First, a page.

Not all relationships last forever, but you can learn many life lessons from a failed relationship. Sometimes, we have to meet certain people to learn important lessons; oftentimes, the wrong relationships lead us to the right person eventually.
While not everyone sticks around throughout all the chapters of our lives, we meet every person for a reason. If you’ve just gotten out of a relationship recently and feel heartbroken about it, we hope the following advice can help you move through it.
“Sometimes good things fall apart so better things can fall together.” – Marilyn Monroe
Here are 12 important life lessons to take away from a failed relationship:
Overthinking causes more pain in the end.
At the end of the relationship, you may feel tempted to ruminate about every situation and conversation in your head so you can try to figure out where it went wrong. Of course, this is natural to some extent – when something goes awry in life, we want to dissect it so we can learn from it. However, too much analysis and overthinking just leads to misery, as you can never go back and change what happened.
While you should try to learn from what happened, you shouldn’t dwell on the past. Feel your emotions, talk about them with friends and family, and then allow yourself to move on. You only hurt yourself more when you overthink what went wrong in a failed relationship.
Learn to become your own best friend.
Sometimes in relationships, we forget to love ourselves as much as we love our partner. Then, when they leave, all of our self-worth and happiness goes right out the window. If you don’t cultivate self-love, you will depend on someone outside yourself to give it to you. However, relying on someone else to accept you means that you will never feel totally fulfilled.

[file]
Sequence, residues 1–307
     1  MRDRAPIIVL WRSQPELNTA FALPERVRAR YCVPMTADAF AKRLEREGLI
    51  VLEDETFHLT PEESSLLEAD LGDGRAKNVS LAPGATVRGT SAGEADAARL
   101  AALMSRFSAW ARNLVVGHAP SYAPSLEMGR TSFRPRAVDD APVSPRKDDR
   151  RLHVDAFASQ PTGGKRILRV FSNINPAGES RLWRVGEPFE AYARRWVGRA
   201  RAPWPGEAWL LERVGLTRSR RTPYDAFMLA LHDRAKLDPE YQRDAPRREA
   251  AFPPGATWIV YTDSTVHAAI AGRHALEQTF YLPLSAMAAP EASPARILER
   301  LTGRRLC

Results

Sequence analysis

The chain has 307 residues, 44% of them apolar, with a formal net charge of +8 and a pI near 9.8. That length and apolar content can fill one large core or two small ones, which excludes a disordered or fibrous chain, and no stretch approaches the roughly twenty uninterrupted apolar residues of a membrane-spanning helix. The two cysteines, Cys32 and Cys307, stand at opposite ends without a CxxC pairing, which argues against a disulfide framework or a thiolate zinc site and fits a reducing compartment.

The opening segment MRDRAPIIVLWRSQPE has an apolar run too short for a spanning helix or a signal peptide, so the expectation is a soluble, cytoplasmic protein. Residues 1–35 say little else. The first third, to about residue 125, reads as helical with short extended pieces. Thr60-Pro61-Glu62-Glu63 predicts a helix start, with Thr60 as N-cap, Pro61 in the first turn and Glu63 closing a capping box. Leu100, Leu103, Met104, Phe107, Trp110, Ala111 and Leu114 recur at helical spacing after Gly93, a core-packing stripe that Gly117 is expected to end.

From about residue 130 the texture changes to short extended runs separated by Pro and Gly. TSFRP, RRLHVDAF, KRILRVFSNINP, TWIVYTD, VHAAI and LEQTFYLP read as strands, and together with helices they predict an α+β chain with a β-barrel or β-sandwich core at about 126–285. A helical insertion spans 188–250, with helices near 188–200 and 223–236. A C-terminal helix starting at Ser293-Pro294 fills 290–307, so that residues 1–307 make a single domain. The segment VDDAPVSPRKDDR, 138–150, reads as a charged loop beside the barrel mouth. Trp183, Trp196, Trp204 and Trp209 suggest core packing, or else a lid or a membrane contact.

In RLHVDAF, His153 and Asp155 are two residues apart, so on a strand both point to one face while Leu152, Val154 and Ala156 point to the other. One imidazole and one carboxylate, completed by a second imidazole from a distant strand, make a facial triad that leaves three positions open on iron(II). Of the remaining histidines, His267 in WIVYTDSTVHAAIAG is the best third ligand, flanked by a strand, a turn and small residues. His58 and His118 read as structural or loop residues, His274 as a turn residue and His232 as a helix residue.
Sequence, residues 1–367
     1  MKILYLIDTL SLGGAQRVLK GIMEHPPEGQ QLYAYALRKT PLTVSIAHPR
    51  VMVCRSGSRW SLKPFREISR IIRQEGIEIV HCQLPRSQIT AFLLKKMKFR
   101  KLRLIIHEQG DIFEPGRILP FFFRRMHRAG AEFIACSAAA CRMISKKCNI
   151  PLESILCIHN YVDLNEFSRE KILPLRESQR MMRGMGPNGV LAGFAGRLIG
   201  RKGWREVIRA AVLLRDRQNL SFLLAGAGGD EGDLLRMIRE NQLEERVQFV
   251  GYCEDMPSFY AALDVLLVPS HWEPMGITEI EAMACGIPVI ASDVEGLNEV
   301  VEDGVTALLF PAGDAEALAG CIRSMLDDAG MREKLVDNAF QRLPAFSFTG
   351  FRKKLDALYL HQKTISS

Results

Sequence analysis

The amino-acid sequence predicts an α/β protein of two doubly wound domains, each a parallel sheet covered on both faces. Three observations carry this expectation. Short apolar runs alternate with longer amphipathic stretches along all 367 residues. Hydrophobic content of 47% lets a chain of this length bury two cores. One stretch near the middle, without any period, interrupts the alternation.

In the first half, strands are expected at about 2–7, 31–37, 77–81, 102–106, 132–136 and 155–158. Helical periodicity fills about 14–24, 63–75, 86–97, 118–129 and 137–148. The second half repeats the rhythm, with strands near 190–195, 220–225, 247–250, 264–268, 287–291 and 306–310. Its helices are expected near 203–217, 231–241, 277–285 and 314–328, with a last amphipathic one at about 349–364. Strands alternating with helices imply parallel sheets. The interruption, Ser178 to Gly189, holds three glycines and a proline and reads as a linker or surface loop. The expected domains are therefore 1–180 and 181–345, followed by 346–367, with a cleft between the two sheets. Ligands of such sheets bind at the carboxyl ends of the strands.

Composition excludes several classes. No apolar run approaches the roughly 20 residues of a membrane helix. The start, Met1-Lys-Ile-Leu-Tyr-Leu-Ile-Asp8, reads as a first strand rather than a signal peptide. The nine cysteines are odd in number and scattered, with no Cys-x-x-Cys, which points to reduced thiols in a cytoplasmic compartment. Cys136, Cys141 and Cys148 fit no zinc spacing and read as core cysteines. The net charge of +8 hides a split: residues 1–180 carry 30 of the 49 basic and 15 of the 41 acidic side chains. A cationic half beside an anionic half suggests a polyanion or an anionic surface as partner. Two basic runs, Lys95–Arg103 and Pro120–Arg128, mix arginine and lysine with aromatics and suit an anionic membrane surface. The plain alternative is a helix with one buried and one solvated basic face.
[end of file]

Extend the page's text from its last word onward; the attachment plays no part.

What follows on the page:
If you don’t feel complete within yourself, you’ll need constant validation from your partner or others. At the end of a relationship, ask yourself how much you depended on your partner for self-esteem and validation. If you feel empty without them, this makes the perfect opportunity to go deep within yourself and heal any wounds from the past. Once you become your own best friend, you’ll have even more love to give in your next relationship, and you’ll feel more whole as well.
A failed relationship can teach us forgiveness.
If you felt undervalued or unloved in your last relationship, you might feel like getting revenge on your ex or blaming them for everything that went wrong. However, harboring resentment will only result in adding more stress to your life. Bottling up feelings can actually cause physical health problems as well. A 2013 study by the Harvard School of Public Health and the University of Rochester found that people who bottled up feelings had a 30% higher risk of all-cause mortality and a 70% higher chance of a cancer diagnosis.
So, instead of wishing harm on your ex or trying to blame them for the failed relationship, try to forgive them instead. You’ll find that you feel much lighter by accepting what happened and choosing to forgive their mistakes. Remember also to not beat yourself up for the relationship ending and extend that forgiveness to yourself as well.
Healing takes time.
You’ll go through many different emotions after a breakup. People usually experience the following emotions, in any given order:
You might go through several cycles of these emotions before things start to feel normal again. Just remember to give yourself time and space to heal from the relationship. Some days you’ll feel like you’ve moved on, and others will feel like you’ve had your heart ripped from your chest. Just know that healing doesn’t happen overnight and that your feelings are totally justified.
As much as it might tempt you, don’t run back to your ex.
After breaking things off with your significant other, you will probably get rid of all the reminders of your relationship, such as old photos or keepsakes. However, the memories will linger and will tempt you into getting back with them on those lonely nights. If the relationship didn’t work out, getting back with them will only create more of the same problems you encountered before. In other words, leave the past behind you, and remember that you ended things for a reason. Wish your ex well, and feel grateful for the time you got to spend with them.